Object Functions

To use an object function, specify the System object™ as the first input argument. For example, to release system resources of a System object named obj, use this syntax:

release(obj)

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stepRun System object algorithm
releaseRelease resources and allow changes to System object property values and input characteristics
resetReset internal states of System object

Examples

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Plot the normalized radar cross-section for grazing angles from 5 to 90 degrees. Assume the default 'Barton' land Model and 'Flatland' LandType. Set the radar frequency to 1 GHz.

grazAng = 5:90;
freq = 1e9;
reflectivity = surfaceReflectivityLand;
nrcs = reflectivity(grazAng,freq);
plot(grazAng,pow2db(nrcs))
grid on
xlabel('Grazing Angle (deg)')
ylabel('NRCS (dB m^2/m^2)')
title('Barton Land Model with Flat Land Type')

Configure a radarscenario to simulate a reflective land surface. Add a land surface object to define the physical properties of the scenario surface. The surface is a simple 200-by-200 meter rectangle. Use the surfaceReflectivityLand function to create a constant-gamma reflectivity model with a gamma value of -10 dB. Use the scenario landSurface method to add the rectangular land region and the radar reflectivity model to the scenario. Use a surface reference height of 16 meters.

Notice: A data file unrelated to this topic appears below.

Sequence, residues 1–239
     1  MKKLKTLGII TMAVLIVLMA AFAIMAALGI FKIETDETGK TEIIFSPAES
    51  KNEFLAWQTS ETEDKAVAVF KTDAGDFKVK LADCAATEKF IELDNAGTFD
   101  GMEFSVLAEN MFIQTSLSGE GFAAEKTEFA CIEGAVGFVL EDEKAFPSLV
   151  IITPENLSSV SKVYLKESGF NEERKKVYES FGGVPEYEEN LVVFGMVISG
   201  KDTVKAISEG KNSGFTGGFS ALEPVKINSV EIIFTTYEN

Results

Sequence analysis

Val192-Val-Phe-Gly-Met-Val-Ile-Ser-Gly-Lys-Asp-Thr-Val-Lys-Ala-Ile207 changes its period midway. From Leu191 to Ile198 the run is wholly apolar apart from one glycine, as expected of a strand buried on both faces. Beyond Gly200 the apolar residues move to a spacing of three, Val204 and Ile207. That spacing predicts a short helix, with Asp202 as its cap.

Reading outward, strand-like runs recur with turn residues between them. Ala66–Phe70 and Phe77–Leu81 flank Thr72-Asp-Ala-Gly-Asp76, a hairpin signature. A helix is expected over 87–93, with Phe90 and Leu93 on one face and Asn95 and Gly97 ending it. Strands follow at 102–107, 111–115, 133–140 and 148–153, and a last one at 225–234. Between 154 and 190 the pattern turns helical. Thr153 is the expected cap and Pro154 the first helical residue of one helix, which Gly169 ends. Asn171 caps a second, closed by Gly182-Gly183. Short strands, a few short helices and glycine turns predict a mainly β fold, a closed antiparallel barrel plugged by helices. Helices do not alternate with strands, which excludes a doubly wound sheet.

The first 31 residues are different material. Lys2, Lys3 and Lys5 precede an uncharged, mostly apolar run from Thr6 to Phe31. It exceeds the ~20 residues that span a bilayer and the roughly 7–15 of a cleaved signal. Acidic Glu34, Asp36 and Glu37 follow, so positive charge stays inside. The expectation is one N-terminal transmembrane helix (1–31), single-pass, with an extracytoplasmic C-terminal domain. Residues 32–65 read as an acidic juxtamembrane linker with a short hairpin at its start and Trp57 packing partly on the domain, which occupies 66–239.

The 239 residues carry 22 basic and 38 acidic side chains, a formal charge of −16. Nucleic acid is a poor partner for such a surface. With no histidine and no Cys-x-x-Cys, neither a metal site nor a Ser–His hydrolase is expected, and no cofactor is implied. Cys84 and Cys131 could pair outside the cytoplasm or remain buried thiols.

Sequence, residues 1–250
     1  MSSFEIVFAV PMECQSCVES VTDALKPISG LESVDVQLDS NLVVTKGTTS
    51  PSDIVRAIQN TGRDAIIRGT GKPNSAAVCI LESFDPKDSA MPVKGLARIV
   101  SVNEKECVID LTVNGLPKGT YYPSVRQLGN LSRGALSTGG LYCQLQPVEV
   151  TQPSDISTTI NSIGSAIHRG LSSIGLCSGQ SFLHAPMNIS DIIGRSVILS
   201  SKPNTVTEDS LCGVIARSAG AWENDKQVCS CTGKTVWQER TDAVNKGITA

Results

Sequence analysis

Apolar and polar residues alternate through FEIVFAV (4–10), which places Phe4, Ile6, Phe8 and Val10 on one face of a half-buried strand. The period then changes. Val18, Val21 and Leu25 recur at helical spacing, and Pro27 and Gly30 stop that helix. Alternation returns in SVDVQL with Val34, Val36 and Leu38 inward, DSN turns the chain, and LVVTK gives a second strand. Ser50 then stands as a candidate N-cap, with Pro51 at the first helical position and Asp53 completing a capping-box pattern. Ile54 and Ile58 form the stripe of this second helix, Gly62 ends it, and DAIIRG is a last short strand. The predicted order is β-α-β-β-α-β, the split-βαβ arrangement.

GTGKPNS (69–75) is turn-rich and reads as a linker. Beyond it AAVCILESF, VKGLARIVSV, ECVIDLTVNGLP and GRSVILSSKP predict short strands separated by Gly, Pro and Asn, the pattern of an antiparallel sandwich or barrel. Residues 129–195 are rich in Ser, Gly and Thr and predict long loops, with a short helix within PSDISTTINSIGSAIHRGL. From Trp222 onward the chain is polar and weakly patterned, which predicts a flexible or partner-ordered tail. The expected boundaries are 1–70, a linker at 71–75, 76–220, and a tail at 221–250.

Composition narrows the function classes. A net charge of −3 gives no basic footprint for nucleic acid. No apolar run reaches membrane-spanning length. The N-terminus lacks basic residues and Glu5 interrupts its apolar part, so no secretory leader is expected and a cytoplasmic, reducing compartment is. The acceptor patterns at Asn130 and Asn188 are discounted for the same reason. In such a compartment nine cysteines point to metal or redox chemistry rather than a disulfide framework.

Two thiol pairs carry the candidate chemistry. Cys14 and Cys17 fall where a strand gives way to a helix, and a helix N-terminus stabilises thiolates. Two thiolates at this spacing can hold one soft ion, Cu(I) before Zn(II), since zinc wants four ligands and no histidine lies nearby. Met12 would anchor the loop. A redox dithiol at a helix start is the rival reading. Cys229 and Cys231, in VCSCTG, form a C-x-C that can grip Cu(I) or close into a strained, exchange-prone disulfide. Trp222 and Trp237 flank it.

scene = radarScenario(UpdateRate = 0, IsEarthCentered = false);
refl = surfaceReflectivityLand(Model = "ConstantGamma", Gamma = -10);
srf = landSurface(scene,RadarReflectivity = refl, ...
    Boundary=[-100 100; -100 100],ReferenceHeight = 16)
srf = 
  LandSurface with properties:

    RadarReflectivity: [1×1 surfaceReflectivityLand]
      ReflectivityMap: 1
      ReferenceHeight: 16
             Boundary: [2×2 double]
              Terrain: []

Create a normalized reflectivity object using the GIT 'Model' and a 'Soil' land type. Obtain the normalized radar cross-section at a frequency of 3 GHz over grazing angles from 20 to 60 degrees. Assume a surface height standard deviation of two meters. Plot the surface reflectivity.

grazAng = 20:60;
freq = 10e9;
reflectivity = surfaceReflectivityLand(Model="GIT", ...
    LandType="Soil",SurfaceHeightStandardDeviation=2);
nrcs = reflectivity(grazAng,freq);
plot(grazAng,pow2db(nrcs))
grid on
xlabel('Grazing Angle (deg)')
ylabel('NRCS (dB m^2/m^2)')
title('GIT Model')

Create a normalized reflectivity object using the Billingsley 'Model' and a 'LowReliefRural' land type. Obtain the normalized radar cross-section at a frequency of 3 GHz over depression angles from 0.1 to 3 degrees. Plot the surface reflectivity.

    depAng = 0.1:0.1:2;
    freq = 3e9; 
    reflectivity = surfaceReflectivityLand(Model="Billingsley", ...
         LandType="LowReliefRural");
    nrcs = reflectivity(depAng,freq);
    plot(depAng,pow2db(nrcs))
    grid on
    xlabel('Depression Angle (deg)')
    ylabel('NRCS (dB m^2/m^2)')
    title('Billingsley Model')

Create a normalized reflectivity object using the Ulaby-Dobson model for a grass land type. Obtain the normalized radar cross-section for both vertical and horizontal polarizations at a frequency of 10 GHz over grazing angles from 1 to 10 degrees. Plot the surface reflectivities.